ABSTRACT This article argues that New Age spirituality is substantially less unambiguously individualistic and more socially and publicly significant than today’s sociological consensus acknowledges. Firstly, an uncontested doctrine of self-spirituality, characterised by sacralisation of the self and demonisation of social institutions, provides the spiritual milieu with ideological coherence and paradoxically accounts for its overwhelming diversity. Secondly, participants undergo a process of socialisation, gradually adopting this doctrine of self-spirituality and eventually reinforcing it by means of standardised legitimations. Thirdly, spirituality has entered the public sphere of work, aiming at a reduction of employees’ alienation to increase both their happiness and organisational effectiveness. A radical ‘sociologisation’ of New Age research is called for to document how the doctrinal ideal of self-spirituality is socially constructed, transmitted, and reinforced and critically to deconstruct rather than reproduce sociologically naive New Age rhetoric about the primacy of personal authenticity.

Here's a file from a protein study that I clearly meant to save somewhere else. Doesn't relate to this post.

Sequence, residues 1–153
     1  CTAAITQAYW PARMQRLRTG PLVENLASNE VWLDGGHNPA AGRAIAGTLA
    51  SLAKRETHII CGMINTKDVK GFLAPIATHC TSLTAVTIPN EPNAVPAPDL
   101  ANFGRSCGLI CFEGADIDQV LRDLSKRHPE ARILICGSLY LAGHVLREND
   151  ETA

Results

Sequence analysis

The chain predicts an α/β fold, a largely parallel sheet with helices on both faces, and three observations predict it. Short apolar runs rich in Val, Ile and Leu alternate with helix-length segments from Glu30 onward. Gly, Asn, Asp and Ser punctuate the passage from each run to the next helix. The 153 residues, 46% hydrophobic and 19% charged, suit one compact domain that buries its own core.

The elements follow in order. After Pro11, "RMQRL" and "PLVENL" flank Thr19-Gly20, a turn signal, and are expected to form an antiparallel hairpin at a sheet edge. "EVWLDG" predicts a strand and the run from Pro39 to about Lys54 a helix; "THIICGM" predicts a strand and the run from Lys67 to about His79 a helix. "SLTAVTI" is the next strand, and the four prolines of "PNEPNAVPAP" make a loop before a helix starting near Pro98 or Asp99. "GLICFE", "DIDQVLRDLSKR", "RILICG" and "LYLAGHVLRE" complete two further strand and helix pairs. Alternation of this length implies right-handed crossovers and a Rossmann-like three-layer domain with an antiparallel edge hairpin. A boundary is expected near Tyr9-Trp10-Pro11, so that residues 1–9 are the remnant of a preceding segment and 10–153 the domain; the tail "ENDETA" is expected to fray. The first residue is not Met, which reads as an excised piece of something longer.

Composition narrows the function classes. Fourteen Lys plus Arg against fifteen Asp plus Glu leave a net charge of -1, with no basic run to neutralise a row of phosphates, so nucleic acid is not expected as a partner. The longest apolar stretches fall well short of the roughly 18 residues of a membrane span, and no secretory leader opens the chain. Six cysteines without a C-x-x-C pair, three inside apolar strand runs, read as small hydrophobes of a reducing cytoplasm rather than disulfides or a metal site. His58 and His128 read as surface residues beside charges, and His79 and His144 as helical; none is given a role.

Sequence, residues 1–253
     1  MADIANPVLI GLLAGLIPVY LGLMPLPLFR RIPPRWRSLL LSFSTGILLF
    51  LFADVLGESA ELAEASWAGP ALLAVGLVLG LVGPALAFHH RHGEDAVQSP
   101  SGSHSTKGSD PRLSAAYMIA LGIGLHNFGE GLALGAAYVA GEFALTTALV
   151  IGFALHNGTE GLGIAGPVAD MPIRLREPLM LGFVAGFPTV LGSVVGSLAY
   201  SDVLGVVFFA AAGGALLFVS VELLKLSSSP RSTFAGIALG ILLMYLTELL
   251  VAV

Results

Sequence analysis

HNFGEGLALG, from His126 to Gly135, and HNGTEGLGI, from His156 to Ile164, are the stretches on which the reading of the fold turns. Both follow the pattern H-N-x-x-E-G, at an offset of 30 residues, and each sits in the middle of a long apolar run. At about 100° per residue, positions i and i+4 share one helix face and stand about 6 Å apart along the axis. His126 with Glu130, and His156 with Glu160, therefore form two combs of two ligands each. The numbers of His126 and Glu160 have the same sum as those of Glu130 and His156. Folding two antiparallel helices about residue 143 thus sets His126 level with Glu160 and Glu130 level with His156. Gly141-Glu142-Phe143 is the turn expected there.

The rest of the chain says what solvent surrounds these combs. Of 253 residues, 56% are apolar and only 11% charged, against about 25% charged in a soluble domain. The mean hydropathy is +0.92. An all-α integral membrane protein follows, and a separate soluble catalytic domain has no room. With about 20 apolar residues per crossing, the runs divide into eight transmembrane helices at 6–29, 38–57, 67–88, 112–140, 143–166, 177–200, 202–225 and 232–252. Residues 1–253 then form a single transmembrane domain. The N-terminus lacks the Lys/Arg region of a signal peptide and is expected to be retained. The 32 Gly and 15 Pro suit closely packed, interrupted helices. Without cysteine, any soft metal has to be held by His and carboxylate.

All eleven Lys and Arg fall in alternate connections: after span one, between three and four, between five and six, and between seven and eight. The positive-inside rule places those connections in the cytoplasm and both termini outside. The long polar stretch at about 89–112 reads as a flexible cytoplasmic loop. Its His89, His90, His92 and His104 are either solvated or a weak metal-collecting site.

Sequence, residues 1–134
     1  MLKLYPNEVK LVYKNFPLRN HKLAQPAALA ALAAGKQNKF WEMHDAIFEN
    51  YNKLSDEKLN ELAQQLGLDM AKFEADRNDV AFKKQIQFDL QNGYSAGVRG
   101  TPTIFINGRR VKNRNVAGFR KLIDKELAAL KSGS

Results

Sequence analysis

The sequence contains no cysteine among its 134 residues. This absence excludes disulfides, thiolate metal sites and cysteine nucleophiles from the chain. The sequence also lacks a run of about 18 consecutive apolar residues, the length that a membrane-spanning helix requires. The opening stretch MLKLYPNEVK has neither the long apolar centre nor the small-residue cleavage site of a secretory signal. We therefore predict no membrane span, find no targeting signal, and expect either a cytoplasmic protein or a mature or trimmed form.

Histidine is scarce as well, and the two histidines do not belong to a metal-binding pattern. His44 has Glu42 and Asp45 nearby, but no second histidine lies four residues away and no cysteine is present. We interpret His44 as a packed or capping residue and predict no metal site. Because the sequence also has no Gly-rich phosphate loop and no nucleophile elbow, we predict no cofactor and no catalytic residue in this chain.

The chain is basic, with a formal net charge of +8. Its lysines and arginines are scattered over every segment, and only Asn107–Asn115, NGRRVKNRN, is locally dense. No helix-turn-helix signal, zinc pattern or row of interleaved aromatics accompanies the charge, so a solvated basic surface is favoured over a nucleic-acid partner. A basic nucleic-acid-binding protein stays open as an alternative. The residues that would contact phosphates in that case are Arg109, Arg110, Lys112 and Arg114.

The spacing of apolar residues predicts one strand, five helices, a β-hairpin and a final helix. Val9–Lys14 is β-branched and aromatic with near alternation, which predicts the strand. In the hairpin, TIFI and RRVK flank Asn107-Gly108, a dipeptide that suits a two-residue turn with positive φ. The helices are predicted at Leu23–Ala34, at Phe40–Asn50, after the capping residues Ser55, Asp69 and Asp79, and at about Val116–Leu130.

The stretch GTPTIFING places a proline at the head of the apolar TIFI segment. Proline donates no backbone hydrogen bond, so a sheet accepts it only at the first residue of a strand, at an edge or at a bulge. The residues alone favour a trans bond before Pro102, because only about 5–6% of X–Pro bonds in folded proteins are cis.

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doi.org/10.1080/13537900600655894, hdl.handle.net/1765/16584
Centre for Rotterdam Cultural Sociology (CROCUS)
Journal of Contemporary Religion
Department of Sociology

Aupers, S., & Houtman, D. (2006). Beyond the spiritual supermarket : the social and public significance of New Age spirituality. Journal of Contemporary Religion, 21(2), 201–222. doi:10.1080/13537900600655894